AIM-listed Gold (and other metals) explorer and producer Ariana Resources (AAU) released its final results for 2022 this morning. There were no real surprises, but a few hints of what is to come gives me renewed confidence - as a loyal shareholder - that the shares are mightily undervalued at the current 2.25p, putting the market capitalisation at just £24.7 million for a profitable company with bags of cash and no debt.
Gold finished the week at $1948 – something of a disappointment after it had put in a steady rise from last week’s $1948 only to drop back again on apparently encouraging US jobs data, to which the US stock market reacted very favourable. Indeed, the Dow Jones put on 2.1% in response.
Gold finished the week at $1946, down again from last week’s $1978. Our favourite technical analyst, Jordan Roy-Byrne of TheDailyGold.com, sees more short term pain ahead as the yellow stuff continues to correct after a 25% rise since last September and is waiting to see where support will be found. But he remains uber-bullish over the longer term.
Asset manager Egon von Greyerz, of Matterhorn Asset Management AG kicks off with the debt ceiling in the US and explains how it is a farce, and a regular show every time it’s reached. It’s been raised over a hundred times and every time, it’s nothing but a political posturing. This is only going to lead to the debt being increased exponentially. In fact, since Reagan, the U.S. debt has doubled every eight years, and by 2025, it is projected to reach around $40 trillion.
Writer Jesse Felder says that Federal Reserve policy aimed to create a wealth effect through printing money, has only generated bubbles and the illusion of growth. He goes on to explain that the more money a country prints, the less attractive that currency becomes to other countries. Please take note, the entire UK political class.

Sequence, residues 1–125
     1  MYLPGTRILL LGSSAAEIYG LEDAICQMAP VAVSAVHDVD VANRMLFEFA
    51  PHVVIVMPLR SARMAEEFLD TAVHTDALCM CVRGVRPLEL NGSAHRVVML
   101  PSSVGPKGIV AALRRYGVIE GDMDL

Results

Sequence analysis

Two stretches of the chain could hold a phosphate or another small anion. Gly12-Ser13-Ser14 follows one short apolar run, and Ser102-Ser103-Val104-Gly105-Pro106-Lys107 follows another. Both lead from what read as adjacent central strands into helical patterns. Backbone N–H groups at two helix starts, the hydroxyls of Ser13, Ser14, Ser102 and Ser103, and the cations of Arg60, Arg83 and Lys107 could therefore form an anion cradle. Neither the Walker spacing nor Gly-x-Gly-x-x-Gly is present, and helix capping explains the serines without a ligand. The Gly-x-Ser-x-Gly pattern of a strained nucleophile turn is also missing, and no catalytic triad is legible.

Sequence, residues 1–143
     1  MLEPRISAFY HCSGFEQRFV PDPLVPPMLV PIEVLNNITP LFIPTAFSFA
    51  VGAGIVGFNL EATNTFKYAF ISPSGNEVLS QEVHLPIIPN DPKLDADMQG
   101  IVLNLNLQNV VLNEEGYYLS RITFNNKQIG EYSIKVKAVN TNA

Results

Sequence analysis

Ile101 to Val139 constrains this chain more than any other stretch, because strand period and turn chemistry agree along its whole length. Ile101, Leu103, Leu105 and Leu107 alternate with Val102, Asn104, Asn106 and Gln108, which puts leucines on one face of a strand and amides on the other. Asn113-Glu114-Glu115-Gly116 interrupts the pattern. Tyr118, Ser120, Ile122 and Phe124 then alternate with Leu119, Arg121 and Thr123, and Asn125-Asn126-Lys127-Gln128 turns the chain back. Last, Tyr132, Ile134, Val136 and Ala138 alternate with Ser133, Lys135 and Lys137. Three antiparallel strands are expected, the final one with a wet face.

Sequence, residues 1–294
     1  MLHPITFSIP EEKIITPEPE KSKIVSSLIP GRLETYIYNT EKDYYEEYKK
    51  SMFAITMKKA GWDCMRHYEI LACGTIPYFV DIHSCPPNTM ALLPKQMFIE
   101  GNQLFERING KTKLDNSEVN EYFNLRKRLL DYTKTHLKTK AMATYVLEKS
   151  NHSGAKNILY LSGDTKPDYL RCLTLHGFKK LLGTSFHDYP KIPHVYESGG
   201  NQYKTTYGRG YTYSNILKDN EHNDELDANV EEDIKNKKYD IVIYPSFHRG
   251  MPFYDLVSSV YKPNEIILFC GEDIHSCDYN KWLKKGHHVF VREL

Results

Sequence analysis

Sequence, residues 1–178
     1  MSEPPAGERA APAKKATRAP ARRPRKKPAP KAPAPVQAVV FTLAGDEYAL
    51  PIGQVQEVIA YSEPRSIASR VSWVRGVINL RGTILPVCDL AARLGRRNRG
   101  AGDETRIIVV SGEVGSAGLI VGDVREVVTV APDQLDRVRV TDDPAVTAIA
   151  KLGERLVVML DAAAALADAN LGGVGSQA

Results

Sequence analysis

The busy days this week were supposed to be - according to my diary - Tuesday, Wednesday and Thursday, but Monday so far has been a lot more busy than I thought, with plenty of information for gold watchers and geopolitical analysts to think about. In the world of UK-listed equities, there are three names that particular capture my attention.
Gold finished the week at $2011 – down a shade from $2018 last week and a disappointing end to a week which saw the price rise over $2040 before dropping back again. But it is still above the psychologically (but otherwise un-) important $2000 mark.
I told you all to sell but have kept my shares in Red Rock Resources (RRR) as a reminder of what a prick I can be but perhaps also so that I can attend the AGM and give boss Andrew Bell the roasting he deserves. Gold is at a near all time high. The last time gold was at today's levels, Red Rock shares were at a consolidation adjusted c400p. Today Bell has placed, yet again, at just 0.1425p. Bell makes excuses but there can be no excuses for such an abject performance..
AIM-listed Gold-producer in Turkey, Ariana Resources (AAU) has announced that the previously announced deal for Western Tethyan Resources (WTR - 75% owned by Ariana) to buy in to the Slivova Project has now progressed to an executed earn-in agreement under which WTR will cough up EUR 1.8 million and get 75% ownership.